PWA Tips of the Week
The ability to control your equipment and increase your speed by a few knots can make or break a slalom race. This season we witnessed many a ferocious battle on the straights where it came down to a true test of speed to take the sailors to victory.
We asked the world fastest sailors to share their knowledge when it came to going faster in a straight line.
Karin Jaggi (Patrik / Severne)
“When it gets really extreme I often sail with earplugs, the soft ones from the concerts. You might think you loose a bit of balance but I have the opposite experience. It takes away that aggressive sound of the wind away, everything is much quieter and feels like “slow motion”. It creates a completely different world around you. So I can concentrate on my own movements and focus on going fast.”
Cyril Moussilmani (Starboard / North)
“Try to tune your gear well at the start of your session.”
Antoine Albeau (JP / NeilPryde)
"The best way to go fast on the straights is to have perfect tuning. The best way to do that is to speed test with a friend and try different ways of setting your sail. Here’s what to try: different mast track position, different boom height positions and different tensions of downhaul.
You will be able to feel the difference by doing this, and you will know what feels easier to go faster and what is slower."
Tine Slabe (RRD / AL360)
“Stay focused on the water a few meters infront of your board and try to read the waves and imagine where is the most flat. Despite this, sail a lot and I mean a lot especially in you have a chance with faster guys than you!"
Enez Yilmazer (JP / NeilPryde)
"1-Tuned gear: you need to have a good balanced gear that you can hold on to at high end and still get pressure when you need it at low end
2-Downhaul - make sure you have a good amount of downhaul, go out there adjust and try to feel the difference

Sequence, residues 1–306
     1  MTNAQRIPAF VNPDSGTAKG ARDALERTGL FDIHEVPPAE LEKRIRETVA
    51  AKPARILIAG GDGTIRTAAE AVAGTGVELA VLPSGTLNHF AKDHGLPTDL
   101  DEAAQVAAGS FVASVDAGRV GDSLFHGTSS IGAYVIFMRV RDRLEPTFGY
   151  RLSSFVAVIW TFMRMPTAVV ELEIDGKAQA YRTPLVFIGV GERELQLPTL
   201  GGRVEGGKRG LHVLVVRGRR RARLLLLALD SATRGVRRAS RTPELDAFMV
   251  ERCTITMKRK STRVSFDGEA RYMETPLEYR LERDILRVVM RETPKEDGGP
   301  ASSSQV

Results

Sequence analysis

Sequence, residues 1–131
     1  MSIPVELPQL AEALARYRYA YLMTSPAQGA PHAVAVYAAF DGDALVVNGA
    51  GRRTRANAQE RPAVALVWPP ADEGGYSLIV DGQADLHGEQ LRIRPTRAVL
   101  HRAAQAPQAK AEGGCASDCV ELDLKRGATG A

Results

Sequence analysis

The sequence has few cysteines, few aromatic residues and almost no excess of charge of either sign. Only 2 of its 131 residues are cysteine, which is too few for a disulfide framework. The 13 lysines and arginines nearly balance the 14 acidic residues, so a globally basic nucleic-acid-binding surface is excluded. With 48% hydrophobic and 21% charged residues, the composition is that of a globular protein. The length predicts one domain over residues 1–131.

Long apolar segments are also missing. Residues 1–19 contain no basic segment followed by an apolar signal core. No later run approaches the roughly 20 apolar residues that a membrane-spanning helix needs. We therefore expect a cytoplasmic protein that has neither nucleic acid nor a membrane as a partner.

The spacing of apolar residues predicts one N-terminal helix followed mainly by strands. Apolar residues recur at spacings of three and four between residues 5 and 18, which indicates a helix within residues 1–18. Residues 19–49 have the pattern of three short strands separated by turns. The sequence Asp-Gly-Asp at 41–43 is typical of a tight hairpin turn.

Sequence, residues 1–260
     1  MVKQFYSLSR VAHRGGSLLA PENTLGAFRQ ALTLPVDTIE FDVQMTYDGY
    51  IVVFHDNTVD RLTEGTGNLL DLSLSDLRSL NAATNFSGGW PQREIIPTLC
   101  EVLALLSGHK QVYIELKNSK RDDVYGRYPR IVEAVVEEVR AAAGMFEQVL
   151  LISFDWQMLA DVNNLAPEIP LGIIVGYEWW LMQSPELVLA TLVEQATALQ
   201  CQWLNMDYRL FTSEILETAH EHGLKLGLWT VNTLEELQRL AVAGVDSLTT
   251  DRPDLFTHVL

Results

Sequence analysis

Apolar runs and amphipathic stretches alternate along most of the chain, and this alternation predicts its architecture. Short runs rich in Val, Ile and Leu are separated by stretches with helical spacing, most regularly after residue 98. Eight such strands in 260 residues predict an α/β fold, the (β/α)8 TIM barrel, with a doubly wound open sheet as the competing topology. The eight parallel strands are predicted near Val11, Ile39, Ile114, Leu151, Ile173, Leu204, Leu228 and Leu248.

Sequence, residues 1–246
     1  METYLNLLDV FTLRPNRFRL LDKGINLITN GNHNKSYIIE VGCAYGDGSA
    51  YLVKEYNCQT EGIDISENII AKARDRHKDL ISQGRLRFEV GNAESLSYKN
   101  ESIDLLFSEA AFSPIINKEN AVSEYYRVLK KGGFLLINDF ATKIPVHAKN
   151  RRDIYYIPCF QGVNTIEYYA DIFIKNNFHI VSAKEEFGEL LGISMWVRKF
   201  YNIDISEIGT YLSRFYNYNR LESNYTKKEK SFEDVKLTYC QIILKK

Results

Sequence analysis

3-Fin - make sure you choose a good fin - can change your world
4- Power - try to keep your gear balance and push the power of the sail to board through your legs and try to keep the lift"
Kurosh Kiani (Simmer / Angulo)
"One of the most important things that I have learned over the years is that you need to get to a point where you are able to sheet in fully, push the equipment and be comfortable at the same time.
I have always worked on two aspects that I think have helped me out a lot. In high wind, I try to be compact and generally be in control rather than going fast for a while and wiping out. This means longer harness lines and perhaps a waist harness, so that you can really tuck into survival position when the wind gets really strong.
In lighter winds I work on the exact opposite. I try to get further out on the rail of the board and really work on the fin to get it lifting, and I really focus on keeping the rig upright so that I have as much power as possible to keep the lift and I will hopefully be flying down the reach.
We hope that helps! Remember if you have a question you would like to ask the professionals just post it on the PWA Facebook wall."